A new law that makes it easier for Marylanders to get birth control, including vasectomies, through their health insurance, has unexpectedly put some tax deductible savings plans in jeopardy because such coverage conflicts with federal IRS rules.

The state law that passed in 2016 and went into effect January 1, requires that health insurance plans cover most forms of birth control with no out-of-pocket charges, such as co-pays. The law, lauded as one of the most comprehensive contraception initiatives in the country, includes coverage of vasectomies, or male sterilization.


But IRS rules that govern health savings accounts, or health plans that allow people to put aside tax-deductible or pre-tax contributions to cover health expenses, don’t allow for coverage of vasectomies if the plan includes a high deductible. These plans require the insurance deductible to be met before coverage kicks in, unless the service is preventive. The IRS does not list vasectomies as a preventive service.

Those in the insurance industry worry that the IRS rules invalidates these health savings accounts and will leave people open to penalties when they file their 2018 taxes. Insurance brokers, accountants and employers say that they don’t know how to advise their clients and employees about these plans.

Some of the groups have formed a coalition to push for legislation in the upcoming session of the General Assembly that would protect health savings accounts. Marylanders have more than 300,000 health savings accounts in 2016, according to the trade group America’s Health Insurance Plans.

“Myself and others need to be confident in advising our clients that their future deposits won’t be disqualified by the new law,” said Jon S. Frank, a licensed insurance provider at the Prince Frederick office of Insurance Solutions, specialists in employee benefits.

Even if legislation is passed, it is unclear that it would be retroactive.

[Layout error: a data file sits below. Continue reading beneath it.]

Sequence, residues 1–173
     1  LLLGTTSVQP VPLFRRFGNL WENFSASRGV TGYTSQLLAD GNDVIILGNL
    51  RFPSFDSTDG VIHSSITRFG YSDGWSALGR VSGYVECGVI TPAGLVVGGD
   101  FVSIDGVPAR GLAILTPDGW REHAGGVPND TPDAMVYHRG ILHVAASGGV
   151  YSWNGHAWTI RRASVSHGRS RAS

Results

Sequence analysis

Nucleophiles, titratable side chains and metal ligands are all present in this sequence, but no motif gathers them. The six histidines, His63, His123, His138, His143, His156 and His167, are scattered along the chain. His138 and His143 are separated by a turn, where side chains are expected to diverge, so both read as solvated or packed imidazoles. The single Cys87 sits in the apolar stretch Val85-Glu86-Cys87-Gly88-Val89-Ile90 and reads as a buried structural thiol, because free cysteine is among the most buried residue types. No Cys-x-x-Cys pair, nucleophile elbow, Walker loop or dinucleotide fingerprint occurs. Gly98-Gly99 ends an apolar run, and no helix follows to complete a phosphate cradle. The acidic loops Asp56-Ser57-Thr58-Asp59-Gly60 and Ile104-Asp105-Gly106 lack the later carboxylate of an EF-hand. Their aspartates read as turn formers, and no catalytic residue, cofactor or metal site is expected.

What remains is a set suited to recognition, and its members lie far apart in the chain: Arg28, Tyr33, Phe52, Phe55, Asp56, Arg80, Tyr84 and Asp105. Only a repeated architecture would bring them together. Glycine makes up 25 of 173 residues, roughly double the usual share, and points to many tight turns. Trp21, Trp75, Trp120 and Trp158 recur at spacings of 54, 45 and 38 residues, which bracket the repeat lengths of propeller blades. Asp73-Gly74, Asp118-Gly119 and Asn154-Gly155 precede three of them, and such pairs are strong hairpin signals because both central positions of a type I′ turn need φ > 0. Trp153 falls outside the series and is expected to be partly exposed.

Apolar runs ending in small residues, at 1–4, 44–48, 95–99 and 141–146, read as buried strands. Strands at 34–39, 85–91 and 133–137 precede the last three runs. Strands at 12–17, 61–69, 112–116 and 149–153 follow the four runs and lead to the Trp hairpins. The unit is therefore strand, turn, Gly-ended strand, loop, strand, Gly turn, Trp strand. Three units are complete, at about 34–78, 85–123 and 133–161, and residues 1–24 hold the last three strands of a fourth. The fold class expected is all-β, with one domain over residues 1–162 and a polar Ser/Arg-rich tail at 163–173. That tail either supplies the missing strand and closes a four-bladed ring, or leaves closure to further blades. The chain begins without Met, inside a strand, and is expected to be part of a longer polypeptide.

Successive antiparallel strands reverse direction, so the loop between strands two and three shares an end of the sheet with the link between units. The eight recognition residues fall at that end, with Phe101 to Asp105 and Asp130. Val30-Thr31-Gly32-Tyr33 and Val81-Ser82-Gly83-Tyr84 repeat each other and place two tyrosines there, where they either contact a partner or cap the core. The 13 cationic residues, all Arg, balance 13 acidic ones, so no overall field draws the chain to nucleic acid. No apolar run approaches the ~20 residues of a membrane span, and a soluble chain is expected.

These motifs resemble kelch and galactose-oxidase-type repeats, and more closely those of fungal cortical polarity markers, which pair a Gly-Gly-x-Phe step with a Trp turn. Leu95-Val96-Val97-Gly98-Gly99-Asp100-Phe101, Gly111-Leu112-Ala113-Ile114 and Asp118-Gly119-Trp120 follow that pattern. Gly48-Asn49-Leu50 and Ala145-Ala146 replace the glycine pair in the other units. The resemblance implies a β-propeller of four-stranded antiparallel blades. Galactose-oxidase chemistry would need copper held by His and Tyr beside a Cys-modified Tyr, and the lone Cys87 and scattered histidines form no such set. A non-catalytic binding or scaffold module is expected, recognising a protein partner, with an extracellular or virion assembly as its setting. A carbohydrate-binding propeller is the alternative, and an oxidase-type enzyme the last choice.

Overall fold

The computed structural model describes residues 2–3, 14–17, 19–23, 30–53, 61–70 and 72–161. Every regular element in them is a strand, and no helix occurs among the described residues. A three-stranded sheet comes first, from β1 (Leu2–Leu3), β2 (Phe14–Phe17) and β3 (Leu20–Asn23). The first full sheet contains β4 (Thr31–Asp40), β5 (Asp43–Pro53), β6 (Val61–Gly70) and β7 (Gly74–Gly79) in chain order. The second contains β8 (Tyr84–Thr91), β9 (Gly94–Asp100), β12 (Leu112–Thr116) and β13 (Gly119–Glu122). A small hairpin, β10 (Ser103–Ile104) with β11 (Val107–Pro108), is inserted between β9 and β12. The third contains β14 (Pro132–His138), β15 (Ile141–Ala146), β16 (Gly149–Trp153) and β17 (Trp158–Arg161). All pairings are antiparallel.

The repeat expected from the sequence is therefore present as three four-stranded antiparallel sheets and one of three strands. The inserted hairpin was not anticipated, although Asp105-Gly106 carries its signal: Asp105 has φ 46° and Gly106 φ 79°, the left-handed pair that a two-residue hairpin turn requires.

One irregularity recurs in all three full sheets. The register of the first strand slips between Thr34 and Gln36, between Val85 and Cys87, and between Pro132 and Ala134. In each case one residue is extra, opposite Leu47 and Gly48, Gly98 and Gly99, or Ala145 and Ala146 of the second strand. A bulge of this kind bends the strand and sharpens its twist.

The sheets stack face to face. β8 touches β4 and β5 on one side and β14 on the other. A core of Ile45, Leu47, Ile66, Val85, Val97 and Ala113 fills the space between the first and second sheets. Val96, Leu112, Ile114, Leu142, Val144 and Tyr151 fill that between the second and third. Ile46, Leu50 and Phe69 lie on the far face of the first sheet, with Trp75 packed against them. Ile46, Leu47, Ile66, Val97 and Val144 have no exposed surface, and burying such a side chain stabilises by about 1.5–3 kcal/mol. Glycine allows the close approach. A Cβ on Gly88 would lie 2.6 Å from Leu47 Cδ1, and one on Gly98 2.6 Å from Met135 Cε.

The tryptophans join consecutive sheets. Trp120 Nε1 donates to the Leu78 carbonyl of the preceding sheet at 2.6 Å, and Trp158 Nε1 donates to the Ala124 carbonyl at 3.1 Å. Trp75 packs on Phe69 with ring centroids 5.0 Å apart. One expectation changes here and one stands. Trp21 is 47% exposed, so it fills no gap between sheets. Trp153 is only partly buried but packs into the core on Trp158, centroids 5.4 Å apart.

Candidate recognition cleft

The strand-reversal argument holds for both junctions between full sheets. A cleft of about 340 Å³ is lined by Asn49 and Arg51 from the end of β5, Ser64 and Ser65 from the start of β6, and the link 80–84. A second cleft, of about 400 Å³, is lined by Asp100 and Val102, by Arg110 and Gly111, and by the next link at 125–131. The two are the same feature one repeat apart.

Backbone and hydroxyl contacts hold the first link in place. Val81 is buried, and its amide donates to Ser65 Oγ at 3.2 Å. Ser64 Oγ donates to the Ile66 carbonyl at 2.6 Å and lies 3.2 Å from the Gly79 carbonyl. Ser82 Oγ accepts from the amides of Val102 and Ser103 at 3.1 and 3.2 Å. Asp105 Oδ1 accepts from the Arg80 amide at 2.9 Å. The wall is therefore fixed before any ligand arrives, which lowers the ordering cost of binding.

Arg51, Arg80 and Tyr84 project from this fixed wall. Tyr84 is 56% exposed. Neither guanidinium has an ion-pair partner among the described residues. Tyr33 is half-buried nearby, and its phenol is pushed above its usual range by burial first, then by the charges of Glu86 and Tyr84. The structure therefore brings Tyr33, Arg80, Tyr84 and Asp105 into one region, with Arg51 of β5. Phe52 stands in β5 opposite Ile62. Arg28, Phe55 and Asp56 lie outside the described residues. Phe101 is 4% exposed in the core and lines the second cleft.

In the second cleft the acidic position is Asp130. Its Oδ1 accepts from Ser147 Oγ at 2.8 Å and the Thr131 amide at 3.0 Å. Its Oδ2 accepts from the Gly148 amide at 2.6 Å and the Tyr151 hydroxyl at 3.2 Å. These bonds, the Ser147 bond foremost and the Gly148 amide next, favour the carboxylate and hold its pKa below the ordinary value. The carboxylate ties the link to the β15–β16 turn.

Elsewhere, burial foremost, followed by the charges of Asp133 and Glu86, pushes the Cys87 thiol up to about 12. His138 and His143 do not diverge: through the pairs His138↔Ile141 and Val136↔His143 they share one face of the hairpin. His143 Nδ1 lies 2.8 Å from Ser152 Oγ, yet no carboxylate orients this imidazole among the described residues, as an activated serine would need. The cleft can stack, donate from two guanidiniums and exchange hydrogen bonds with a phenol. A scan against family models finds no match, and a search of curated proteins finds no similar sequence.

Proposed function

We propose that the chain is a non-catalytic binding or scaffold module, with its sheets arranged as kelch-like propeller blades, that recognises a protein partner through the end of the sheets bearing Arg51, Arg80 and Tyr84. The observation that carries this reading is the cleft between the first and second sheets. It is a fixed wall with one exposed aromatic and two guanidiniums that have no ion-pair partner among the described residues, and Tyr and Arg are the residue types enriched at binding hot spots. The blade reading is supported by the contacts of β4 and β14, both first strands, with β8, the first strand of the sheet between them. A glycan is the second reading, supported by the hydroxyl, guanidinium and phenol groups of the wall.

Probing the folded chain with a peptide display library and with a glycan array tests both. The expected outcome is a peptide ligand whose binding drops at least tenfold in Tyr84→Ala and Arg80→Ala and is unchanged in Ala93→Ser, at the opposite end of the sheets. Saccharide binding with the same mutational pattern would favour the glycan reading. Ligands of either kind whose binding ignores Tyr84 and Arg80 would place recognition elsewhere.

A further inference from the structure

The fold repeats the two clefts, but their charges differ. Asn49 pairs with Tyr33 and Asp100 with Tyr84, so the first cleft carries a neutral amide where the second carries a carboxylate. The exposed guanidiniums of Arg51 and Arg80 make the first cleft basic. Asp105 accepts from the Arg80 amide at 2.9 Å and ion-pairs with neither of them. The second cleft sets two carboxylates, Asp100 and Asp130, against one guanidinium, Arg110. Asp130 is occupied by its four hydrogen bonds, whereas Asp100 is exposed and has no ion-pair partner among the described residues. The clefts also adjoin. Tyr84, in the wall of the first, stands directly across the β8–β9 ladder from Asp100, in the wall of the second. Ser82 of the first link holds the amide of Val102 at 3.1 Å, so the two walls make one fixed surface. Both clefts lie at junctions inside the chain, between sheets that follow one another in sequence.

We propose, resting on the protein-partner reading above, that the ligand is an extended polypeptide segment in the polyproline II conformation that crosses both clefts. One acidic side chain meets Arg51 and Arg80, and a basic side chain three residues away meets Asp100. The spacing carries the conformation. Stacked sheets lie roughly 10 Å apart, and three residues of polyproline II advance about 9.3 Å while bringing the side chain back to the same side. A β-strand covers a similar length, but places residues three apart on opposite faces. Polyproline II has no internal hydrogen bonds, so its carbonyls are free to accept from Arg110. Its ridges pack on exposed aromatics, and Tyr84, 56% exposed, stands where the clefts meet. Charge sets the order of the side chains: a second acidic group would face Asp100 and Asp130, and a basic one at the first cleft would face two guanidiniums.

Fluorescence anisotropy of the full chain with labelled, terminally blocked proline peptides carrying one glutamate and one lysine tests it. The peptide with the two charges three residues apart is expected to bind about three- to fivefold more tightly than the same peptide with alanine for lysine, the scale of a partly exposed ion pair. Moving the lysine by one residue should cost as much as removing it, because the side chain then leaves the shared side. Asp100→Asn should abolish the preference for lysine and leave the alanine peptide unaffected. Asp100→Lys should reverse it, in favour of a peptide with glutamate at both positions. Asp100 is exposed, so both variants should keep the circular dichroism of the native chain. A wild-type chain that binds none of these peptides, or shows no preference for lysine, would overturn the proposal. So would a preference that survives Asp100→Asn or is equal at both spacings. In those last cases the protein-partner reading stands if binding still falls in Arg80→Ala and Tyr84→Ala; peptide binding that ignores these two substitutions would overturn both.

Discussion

On its website, the Maryland Association of Certified Public Accountants advises members to warn their clients who choose health savings accounts about the potential tax penalties they could face. CareFirst BlueCross BlueShield also has warned in a letter to brokers that people who enroll in these plans leave themselves open to the possibility of tax penalties.

New Maryland law makes contraceptives more affordable, easier to get

A law that goes into affect Jan. 1 makes contraception more affordable by getting rid of co-pays, covering vasectomies and allowing women to buy birth control for six months at a time.

Maryland Health Commissioner Al Redmer has written to the U.S. Department of the Treasury’s tax policy office to ask for clarification on the rule. So far there has been no response. The agency also did not respond to email requests from The Baltimore Sun for comment.

As a practical matter, taxpayers probably would not know what, if any, penalties they could face, until next year or later after they file their 2018 tax return and are questioned about it,” said Tracy Imm, a spokeswoman for the insurance commissioner.

Margaret M.G. Enloe, executive director of the conservation organization Waterfowl Chesapeake, is for the time-being recommending her employees avoid contributing to the plans until the issue of potential penalties is resolved.

“I am hoping that the legislature will do something quickly about this,” she said. “I don’t have faith we will hear from the IRS in time.”

Del. Ariana B. Kelly, a Montgomery County Democrat and main sponsor of the bill that expanded contraception coverage in Maryland, said she is not prepared to back any new legislation and instead hopes the IRS will weigh in.

“I am hopeful that it can be resolved without legislation,” she said. “I recognize that there are a lot of folks that are concerned about the issue so I think it is important that we do get some clarity on it.”